James Young – 6’7, 202 lbs. Small Forward (Kentucky, Fr.)
One of the top scorers in the draft. He can score in a variety of ways and has good size and athleticism for a small forward at the next level. Could end up being a special player if he starts to make the most of his athletic gifts on the defensive end of the floor, where he left a lot to be desired at times this season at Kentucky. Projection: 10-20.
Gary Harris – 6’5, 210 lbs. Shooting Guard (Michigan State, So.)Harris passed up on being a first round pick last year, knowing there was a bigger role and a championship caliber team awaiting him this season. Although his efficiency decreased, Harris’ stock increased because he’s a strong two guard who has proven he can score in a variety of ways. He has the necessary tools to be a good defender as well. Projection: Top 15.
Tyler Ennis – 6’2, 180 lbs. Point Guard (Syracuse, Fr.)
As pure of a point guard as this draft class has to offer. Underrated coming into the season, Ennis ran the Orange’s offense impressively as a freshman and quickly skyrocketed up draft boards. Possesses a great feel for the game and has a high basketball IQ, which helps make up for his lack of elite speed and athleticism. His shortcomings in those areas will be more of an issue in the NBA where he’ll be playing primarily man-to-man defense, though, rather than exclusively zone like he did in college. Projection: Top 15.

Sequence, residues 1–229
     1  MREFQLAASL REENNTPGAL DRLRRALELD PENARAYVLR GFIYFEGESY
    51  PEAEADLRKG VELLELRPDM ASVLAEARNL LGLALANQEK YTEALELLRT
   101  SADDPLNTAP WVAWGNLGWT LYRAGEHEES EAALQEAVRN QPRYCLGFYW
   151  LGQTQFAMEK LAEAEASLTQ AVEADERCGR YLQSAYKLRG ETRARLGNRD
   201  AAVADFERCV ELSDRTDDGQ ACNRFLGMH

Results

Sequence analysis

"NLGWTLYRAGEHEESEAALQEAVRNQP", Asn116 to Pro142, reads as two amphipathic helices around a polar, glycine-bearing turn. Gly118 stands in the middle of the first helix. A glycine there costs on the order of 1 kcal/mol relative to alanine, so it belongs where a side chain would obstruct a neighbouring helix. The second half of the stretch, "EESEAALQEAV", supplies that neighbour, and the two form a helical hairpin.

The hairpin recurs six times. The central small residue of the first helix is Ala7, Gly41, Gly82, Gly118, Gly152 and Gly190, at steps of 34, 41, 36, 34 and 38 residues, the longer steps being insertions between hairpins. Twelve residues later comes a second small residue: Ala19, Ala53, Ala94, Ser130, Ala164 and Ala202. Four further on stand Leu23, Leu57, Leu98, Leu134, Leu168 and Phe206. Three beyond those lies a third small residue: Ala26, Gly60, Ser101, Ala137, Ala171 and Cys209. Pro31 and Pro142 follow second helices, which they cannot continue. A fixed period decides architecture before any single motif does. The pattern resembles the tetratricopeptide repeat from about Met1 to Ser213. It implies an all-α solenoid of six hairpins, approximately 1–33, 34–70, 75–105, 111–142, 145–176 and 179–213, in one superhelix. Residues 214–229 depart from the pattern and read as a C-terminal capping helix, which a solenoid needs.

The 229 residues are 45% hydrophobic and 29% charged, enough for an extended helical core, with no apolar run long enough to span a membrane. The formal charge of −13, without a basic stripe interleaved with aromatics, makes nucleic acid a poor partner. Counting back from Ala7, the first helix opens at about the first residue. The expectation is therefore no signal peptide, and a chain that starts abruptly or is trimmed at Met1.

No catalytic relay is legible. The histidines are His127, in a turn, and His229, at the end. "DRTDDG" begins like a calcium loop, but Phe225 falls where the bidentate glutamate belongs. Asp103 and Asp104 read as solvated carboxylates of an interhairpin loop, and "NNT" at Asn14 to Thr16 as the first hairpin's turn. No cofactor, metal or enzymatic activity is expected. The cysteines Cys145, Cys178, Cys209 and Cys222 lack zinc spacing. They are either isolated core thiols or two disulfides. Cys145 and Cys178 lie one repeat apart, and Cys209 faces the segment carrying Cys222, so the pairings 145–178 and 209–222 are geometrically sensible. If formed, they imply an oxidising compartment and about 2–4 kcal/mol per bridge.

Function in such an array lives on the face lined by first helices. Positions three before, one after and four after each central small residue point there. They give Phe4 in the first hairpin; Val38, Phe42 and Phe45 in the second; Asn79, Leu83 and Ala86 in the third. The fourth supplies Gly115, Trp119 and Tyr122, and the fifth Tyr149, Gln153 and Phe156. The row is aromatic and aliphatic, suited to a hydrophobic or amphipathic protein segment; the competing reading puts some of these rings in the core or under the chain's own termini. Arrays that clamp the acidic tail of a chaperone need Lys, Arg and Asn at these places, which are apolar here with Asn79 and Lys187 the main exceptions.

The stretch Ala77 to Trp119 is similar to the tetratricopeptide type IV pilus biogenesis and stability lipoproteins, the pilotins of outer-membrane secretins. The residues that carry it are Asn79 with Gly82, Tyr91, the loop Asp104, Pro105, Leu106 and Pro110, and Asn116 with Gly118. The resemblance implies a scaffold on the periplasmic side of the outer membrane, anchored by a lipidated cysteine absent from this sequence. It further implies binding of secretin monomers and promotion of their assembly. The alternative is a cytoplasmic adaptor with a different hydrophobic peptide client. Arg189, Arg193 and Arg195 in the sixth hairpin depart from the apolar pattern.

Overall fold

Kyle Anderson – 6’8, 233 lbs. Forward (UCLA, So.)
Anderson is by far the most difficult player in the draft to project because he’s just so unique. He played a lot of point guard at UCLA and was not only a matchup nightmare but a regular threat to flirt with a triple-double. His inadequacies defensively will keep him from being able to play that position in the NBA. He’ll likely have to transition over to one of the forward positions and prove he can adjust to the higher levels of strength, speed and athleticism he’ll be facing every night. Projection: 15-30.